But before we get into the miracle as told by Fr. Christos this is a brief biography of Saint Demetrius. He was the son of a Roman proconsul in Thessaloniki.  Three centuries had elapsed and Roman paganism, spiritually shattered by the multitude of Christian Martyrs and confessors of the Savior, intensified its persecutions of the infant Christian Church.  The parents of St. Demetrius were crypto-Christians and had Demetrius secretly baptized in the Church.  By the time Demetrius had reached maturity and his father had died, the Emperor Galerius Maximian had ascended the Roman throne in 305 A. D.  Maximian, confident in Demetrius’ education as well as his administrative and military skills, appointed him to his father’s position as proconsul of Thessaloniki.  The main tasks of this young commander were to defend the city from barbarians and to eradicate Christianity.  The emperor’s policy regarding Christians was expressed simply: “Put to death anyone who calls on the name of Christ.”  The emperor did not suspect that by appointing Demetrius he had provided a way for him to lead many people to Christ.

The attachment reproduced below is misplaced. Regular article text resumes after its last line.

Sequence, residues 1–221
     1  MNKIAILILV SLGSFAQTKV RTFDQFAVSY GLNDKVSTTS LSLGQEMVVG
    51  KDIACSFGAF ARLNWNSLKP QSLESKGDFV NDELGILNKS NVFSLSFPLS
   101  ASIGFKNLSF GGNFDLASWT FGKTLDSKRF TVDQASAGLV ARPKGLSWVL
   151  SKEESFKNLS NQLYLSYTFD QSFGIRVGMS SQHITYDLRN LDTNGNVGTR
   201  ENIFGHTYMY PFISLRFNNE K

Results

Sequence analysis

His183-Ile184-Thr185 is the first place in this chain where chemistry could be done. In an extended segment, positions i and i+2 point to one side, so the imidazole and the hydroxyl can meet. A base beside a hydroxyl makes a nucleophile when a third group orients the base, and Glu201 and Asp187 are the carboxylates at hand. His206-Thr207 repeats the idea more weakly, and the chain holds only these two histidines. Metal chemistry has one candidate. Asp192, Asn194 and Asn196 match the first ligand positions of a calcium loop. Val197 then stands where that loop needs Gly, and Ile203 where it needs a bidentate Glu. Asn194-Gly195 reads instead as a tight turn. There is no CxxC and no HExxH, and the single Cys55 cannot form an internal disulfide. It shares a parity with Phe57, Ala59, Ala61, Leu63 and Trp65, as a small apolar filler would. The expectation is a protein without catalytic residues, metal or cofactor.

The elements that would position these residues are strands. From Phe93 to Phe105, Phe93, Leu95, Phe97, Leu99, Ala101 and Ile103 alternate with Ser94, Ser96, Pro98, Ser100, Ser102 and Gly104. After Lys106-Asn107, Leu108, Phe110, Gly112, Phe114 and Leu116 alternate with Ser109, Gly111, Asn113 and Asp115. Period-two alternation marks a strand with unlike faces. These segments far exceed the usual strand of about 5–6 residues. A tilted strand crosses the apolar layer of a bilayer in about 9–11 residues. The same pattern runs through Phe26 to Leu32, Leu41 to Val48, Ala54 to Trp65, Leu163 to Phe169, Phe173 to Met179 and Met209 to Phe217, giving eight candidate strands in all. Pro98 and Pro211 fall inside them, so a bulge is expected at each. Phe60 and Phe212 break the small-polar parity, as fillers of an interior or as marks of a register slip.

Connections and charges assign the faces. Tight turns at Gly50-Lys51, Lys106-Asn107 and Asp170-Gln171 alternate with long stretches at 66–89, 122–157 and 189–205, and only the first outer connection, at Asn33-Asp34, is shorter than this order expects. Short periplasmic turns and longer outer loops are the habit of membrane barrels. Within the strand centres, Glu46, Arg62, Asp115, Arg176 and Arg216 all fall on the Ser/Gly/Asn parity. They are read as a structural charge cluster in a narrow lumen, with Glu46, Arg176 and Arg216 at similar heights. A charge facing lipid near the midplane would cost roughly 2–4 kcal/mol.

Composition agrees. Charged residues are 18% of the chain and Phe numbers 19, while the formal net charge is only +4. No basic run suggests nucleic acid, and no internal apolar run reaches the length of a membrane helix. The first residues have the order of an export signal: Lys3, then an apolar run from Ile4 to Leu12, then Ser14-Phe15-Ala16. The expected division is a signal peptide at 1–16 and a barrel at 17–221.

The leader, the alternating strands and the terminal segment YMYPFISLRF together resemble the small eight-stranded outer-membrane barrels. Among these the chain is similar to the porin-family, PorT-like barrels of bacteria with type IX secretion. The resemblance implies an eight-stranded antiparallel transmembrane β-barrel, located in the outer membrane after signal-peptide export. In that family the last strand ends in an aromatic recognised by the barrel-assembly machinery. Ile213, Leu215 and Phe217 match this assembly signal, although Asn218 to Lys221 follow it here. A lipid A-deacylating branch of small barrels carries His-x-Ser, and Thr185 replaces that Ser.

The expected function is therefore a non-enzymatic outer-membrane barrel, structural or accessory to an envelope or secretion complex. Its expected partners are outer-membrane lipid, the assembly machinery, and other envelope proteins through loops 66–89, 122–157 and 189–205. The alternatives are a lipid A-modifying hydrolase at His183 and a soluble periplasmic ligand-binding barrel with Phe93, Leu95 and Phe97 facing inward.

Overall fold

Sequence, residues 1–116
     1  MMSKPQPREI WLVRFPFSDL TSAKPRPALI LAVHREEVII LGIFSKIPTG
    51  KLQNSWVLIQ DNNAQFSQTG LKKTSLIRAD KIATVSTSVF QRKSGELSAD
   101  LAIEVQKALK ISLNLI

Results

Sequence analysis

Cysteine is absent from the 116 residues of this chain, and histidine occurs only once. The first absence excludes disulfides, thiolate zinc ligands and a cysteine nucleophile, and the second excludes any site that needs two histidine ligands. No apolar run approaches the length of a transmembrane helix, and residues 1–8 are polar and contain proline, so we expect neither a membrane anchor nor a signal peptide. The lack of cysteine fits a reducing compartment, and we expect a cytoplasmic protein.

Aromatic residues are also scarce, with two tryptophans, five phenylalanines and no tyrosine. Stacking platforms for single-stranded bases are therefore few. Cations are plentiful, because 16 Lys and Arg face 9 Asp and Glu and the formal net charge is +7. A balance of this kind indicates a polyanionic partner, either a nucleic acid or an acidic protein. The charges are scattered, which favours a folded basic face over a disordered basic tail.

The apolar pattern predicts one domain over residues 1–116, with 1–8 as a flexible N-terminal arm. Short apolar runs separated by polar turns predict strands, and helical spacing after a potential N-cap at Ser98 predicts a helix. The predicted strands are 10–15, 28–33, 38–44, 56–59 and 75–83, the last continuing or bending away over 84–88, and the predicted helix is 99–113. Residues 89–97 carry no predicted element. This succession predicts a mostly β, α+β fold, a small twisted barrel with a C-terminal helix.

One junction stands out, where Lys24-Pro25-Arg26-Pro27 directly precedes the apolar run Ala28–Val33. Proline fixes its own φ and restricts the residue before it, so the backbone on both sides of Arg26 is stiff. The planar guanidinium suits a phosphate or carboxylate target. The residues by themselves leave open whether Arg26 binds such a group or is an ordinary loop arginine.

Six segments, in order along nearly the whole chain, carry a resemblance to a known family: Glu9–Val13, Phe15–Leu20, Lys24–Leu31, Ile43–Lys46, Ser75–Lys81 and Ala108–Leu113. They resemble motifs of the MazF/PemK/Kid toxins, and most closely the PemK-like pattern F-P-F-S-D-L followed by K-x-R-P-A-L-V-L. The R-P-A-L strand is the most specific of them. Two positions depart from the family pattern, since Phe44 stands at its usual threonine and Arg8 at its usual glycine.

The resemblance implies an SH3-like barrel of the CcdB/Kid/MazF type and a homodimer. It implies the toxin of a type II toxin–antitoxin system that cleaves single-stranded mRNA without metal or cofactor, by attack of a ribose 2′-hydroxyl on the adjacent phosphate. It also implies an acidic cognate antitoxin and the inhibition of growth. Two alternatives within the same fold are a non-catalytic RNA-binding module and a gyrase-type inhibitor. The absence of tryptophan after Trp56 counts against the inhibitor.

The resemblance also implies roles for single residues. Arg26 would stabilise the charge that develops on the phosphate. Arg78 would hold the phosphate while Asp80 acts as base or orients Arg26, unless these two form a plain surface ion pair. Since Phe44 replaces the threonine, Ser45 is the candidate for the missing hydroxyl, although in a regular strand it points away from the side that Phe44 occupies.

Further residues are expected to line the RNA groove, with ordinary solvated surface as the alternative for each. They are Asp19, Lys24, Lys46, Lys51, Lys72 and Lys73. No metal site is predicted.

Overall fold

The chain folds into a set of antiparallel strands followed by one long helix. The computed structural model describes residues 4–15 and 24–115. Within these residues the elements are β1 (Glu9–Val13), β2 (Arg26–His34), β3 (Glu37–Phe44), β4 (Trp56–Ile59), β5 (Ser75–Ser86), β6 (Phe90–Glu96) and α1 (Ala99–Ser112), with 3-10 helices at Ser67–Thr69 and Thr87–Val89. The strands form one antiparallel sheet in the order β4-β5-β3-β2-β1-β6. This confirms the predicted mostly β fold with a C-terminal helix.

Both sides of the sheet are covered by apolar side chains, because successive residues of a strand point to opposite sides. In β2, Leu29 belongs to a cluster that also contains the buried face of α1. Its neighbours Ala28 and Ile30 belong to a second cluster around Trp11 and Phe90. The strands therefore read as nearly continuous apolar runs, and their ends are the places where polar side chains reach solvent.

Accepting the appointment, Demetrius returned to Thessaloniki and immediately confessed his faith in Jesus Christ.  Instead of persecuting and executing the Christians, he began to teach the Christian Faith openly to the inhabitants of the city and to overthrow pagan customs and idolatry.  It is said that St. Demetrius was like a second St. Paul in the City of Thessaloniki.  This is particularly true since the Apostle Paul founded the first community of Christians in this city.  When Maximian learned that the newly-appointed proconsul was a Christian, and that he had converted many Roman subjects to Christianity, the rage of the emperor had no bounds.  Returning from a campaign in the Black Sea region, the emperor decided to lead his army through Thessaloniki, determined to massacre the Christians.  Learning of this, St. Demetrious ordered his faithful servant Lupus to distribute his wealth to the poor saying, “Distribute my earthly riches among the faithful, for we shall seek heavenly riches for ourselves.”  He began to pray and fast, preparing himself for martyrdom.